Many organizations continue to use standalone content authoring tools like Articulate, GomoLearning, iSpring and Lectora. But many organizations that sell specialized content, such as associations and continuing education providers, are moving to tightly integrated content/LMS applications.
7) Virtual and Augmented Reality Get Real
UPDATE: Virtual reality is now very real as a learning content option. However, it is still expensive to implement. That’s why I see organizations developing scenario-based immersive learning experiences, but keeping the technology simple.
For example, the American College of Cardiology uses mobile apps to deliver a “case of the week” description to doctors. They earn CME credit by answering questions and reviewing feedback. Similarly, at the Practising Law Institute Interactive Learning Center, attorneys review high-quality video vignettes with questions tied to multiple feedback paths. Instructors track learner progress and record video feedback based on learners’ actual comments.
8) GDPR Sweeps the World
UPDATE: When the new General Data Privacy Regulation took effect in May, it proved that procrastination is as predictable as the day is long. As I expected, a flurry of last-minute compliance activity sidetracked all sorts of extended enterprise training programs.
But here’s the good news. Because LMS buyers are now including GDPR compliance in their RFP requirements, learning systems vendors can no longer ignore it. Soon the pain of implementation will pass and we’ll all be better for it.
Lesson: The GDPR rollout is a prime example of what it takes to retain customers, in a world where SaaS models make LMS switching a constant possibility. When vendors proactively help customers manage business and technology change, loyalty follows.
9) Good Sales Help Wanted!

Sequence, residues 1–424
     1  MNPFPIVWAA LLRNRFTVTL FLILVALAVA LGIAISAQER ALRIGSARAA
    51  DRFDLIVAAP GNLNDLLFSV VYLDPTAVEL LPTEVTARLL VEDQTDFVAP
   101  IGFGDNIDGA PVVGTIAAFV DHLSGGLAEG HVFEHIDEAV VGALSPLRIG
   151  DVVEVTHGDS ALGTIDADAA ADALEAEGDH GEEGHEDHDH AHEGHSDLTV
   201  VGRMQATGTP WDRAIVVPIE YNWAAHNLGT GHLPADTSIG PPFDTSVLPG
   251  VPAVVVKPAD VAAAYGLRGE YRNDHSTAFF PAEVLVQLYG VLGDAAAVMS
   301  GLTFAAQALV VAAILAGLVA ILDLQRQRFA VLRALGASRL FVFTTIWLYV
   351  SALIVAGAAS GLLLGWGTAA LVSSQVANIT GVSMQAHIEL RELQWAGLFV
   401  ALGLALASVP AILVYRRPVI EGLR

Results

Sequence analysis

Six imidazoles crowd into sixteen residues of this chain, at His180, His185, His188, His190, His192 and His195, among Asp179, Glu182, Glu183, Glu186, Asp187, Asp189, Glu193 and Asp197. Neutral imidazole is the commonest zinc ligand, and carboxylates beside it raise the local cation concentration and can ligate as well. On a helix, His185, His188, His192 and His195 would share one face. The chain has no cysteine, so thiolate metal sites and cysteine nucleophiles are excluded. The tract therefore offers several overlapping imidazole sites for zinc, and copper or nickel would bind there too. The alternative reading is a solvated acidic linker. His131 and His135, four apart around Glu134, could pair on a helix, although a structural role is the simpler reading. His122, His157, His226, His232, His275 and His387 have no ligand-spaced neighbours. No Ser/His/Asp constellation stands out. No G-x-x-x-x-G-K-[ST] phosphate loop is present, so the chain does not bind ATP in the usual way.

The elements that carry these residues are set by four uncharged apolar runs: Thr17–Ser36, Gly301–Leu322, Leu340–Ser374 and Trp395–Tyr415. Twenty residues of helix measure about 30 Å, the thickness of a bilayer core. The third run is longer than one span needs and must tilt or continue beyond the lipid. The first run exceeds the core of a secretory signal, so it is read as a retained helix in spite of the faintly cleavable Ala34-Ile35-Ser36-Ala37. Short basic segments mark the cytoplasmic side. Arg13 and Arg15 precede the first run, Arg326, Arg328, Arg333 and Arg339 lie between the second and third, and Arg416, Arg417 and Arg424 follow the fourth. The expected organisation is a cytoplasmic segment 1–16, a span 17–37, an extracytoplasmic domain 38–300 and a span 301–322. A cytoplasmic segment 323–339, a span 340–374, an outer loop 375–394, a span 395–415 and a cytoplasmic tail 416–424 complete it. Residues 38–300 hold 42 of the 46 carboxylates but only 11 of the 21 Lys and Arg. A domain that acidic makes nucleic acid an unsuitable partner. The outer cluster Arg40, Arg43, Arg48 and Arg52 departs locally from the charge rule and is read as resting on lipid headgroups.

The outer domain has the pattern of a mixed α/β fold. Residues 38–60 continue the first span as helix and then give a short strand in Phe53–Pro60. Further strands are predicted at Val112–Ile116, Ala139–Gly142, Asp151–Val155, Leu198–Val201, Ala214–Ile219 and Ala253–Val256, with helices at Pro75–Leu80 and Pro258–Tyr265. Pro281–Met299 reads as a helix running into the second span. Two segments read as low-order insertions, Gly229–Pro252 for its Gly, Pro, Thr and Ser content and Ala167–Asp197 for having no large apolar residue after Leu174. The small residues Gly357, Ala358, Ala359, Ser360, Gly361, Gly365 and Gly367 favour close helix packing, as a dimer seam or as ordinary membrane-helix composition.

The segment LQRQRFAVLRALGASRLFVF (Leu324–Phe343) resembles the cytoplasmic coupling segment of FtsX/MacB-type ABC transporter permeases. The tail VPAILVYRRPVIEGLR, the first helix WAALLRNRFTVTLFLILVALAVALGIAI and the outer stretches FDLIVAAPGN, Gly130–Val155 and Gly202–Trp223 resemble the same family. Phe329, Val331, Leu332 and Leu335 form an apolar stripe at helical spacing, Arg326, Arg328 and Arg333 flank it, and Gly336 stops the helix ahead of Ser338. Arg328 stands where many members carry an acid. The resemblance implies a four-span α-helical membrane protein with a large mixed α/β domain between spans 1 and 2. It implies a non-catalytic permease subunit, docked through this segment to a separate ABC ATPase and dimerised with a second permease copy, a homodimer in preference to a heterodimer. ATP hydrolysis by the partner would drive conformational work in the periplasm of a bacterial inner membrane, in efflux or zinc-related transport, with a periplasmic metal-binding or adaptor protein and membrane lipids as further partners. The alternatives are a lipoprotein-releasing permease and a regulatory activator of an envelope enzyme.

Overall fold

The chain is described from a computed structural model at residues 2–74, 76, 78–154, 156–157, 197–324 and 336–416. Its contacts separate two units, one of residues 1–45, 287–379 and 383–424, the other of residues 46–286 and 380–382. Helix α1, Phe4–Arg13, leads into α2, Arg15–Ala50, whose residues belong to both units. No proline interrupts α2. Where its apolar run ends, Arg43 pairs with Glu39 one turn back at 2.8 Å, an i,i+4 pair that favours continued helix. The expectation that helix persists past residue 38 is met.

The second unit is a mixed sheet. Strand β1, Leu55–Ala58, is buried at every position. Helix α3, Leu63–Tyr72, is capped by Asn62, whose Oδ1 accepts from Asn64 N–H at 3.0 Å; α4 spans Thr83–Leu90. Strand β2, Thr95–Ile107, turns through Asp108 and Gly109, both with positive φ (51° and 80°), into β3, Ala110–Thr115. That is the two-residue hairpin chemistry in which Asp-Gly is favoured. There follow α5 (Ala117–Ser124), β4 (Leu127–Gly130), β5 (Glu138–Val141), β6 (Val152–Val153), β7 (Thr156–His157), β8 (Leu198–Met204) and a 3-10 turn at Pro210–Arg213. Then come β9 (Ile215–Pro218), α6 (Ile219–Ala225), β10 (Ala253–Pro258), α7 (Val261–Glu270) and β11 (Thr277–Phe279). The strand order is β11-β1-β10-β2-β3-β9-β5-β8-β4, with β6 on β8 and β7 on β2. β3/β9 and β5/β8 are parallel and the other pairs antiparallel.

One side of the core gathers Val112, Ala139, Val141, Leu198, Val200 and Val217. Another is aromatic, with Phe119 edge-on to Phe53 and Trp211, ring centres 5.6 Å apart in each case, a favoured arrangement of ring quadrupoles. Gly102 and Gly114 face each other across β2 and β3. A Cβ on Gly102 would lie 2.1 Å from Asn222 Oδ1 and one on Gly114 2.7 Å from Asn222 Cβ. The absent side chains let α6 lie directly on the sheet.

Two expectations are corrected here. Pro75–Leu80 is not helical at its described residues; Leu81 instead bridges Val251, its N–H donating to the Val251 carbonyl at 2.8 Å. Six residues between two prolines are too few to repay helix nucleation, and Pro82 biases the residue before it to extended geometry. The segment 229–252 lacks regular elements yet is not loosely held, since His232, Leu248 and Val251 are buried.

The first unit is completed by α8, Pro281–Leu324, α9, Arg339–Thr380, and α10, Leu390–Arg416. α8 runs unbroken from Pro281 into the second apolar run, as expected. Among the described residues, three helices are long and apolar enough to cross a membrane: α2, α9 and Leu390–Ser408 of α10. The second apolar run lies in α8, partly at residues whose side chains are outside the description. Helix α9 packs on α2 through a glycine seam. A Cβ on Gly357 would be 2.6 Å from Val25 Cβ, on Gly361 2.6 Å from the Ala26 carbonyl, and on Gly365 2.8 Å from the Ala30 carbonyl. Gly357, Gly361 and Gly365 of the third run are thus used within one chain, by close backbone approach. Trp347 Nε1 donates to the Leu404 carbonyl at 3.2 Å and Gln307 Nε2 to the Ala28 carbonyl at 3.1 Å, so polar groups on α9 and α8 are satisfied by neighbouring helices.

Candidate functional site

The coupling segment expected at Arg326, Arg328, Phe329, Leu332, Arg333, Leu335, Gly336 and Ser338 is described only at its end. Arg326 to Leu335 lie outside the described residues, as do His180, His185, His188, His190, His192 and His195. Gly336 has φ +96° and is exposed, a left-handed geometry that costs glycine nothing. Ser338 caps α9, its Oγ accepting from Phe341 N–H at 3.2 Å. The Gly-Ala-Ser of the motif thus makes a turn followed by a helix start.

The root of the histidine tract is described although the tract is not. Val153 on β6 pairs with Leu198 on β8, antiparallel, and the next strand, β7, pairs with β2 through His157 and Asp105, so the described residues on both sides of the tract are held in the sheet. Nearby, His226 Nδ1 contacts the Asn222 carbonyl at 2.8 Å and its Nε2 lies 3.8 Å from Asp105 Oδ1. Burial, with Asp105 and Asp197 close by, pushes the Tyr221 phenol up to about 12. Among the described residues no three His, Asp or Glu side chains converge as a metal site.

UPDATE: I should have started a recruiting business. Maybe I will right now! I constantly get calls from people asking me to recommend a great learning technology salesperson or solution architect. Here’s the catch: Great salespeople usually aren’t job hoppers. They build their opportunity pipeline with a multi-year focus, and enjoy the easy sales that come with longevity. Convincing them to switch takes a lot of money, unless their company is tanking for some reason.
Ironically however, cloud LMS vendors don’t want to pay a premium for salespeople. Instead, they often look for a diamond in the rough – and ultimately waste much more money than they would have invested in hiring a seasoned pro. Smart vendors have done the math and they know better.
Are you a solution architect or salesperson with a proven pedigree? Looking for a new challenge? My door is always open!
One thing I know for sure. There’s never a dull moment for those of us who care about where learning technology is headed and how it can help organizations accomplish their goals more effectively and efficiently.
Now it’s your turn to step back and think about how learning innovation is shaping your world. Which of these LMS trends matter most to you? Are you prepared for what’s next?
If you found this update useful, check more observations from me, as I answer the top 10 questions I’ve received this year about how learning technology trends are influencing learning systems selection, purchasing, implementation and business impact.
Thanks for reading!